Waverley station tours to mark new history book

Shift station manager Stuart Taylor with Ann Glen's book. Picture: Scott Taylor
Shift station manager Stuart Taylor with Ann Glen's book. Picture: Scott Taylor
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THE colourful history behind Waverley Station’s impressive location between Edinburgh’s Old and New Towns is being laid bare in a new book.

Historian and author Dr Ann Glen has penned the first stand-alone publication looking exclusively at Waverley’s past.

The 144-page book, Edinburgh Waverley: A Novel Railway Station, explains the reasons for the site’s unconventional layout and brings to life some of the characters once associated with the station.

Dr Glen will lead free tours around Waverley this weekend to mark her book’s publication and Edinburgh’s Doors Open Day. The hour-long tours will give visitors a rare insight into the inner workings of the ­station.

The author said few people knew that Waverley originally referred to three stations, not just the one that exists today.

She said: “The station had a complicated history involving three railway stations at one stage, with not all of them getting on as smoothly as one might hope in the circumstances. Out of that, the Waverley station emerged, notwithstanding the difficulties of the site.

“It’s really squashed in between Castle Rock, the crag and tail that follows down the Royal Mile and also what has become the territory of the New Town and Princes Street. Calton Hill also helps to jam it in. It is a very constricted site.”

Former railway engineer John Miller, who told a Scottish Parliament in the 1860s he had never been so “apprehensive” coming into any station as Waverley, is among the figures chronicled in the book.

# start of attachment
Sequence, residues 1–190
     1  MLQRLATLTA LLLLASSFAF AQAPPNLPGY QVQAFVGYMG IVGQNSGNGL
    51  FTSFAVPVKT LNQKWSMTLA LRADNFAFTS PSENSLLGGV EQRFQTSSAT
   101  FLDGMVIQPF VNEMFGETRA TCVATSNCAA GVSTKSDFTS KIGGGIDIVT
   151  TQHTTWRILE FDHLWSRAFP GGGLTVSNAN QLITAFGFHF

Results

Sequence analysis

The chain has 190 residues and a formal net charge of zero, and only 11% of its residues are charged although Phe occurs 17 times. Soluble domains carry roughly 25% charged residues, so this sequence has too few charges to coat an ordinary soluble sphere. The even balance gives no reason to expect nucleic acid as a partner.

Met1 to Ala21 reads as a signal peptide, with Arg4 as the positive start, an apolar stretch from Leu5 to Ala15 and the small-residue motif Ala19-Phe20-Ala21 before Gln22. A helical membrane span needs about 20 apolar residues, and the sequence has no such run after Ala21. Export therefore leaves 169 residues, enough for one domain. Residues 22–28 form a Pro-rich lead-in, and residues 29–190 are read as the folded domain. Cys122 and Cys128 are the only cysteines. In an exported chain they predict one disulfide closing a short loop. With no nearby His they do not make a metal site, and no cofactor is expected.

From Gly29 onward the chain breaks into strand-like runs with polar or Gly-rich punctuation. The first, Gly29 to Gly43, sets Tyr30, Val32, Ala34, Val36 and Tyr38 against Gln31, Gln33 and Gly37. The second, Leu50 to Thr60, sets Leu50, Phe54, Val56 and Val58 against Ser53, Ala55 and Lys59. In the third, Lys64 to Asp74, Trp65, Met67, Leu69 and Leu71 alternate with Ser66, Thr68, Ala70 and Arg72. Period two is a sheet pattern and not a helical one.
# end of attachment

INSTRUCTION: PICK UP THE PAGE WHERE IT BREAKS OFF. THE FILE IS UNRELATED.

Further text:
Network Rail Scotland route managing director David Simpson said: “What fascinates me most is the stories of the individuals who are brought to life – both those who have had such a profound influence on the appearance and operation of the station and those who are simply passing through. The stories of courage and sacrifice demonstrated by railway workers in both world wars are also incredibly touching.”

Dr Glen’s book covers the evolution of the station from the 19th century through to the major overhaul carried out in the past three years. A refurbished glass roof unveiled earlier this year under a £130 million transformation being carried out by Network Rail is one of the most significant design changes.

Tour groups will be taken all over the station, including Waverley Steps, the Calton Road access and old dock platforms.

• Both tours on Saturday and Sunday run from 10am. Those wanting to take part can e-mail darren.gallagher@networkrail.co.uk, or meet at the information point on the main concourse. Edinburgh Waverley: A Novel Railway Station can be bought from WH Smith at Waverley Station or from Lily publications.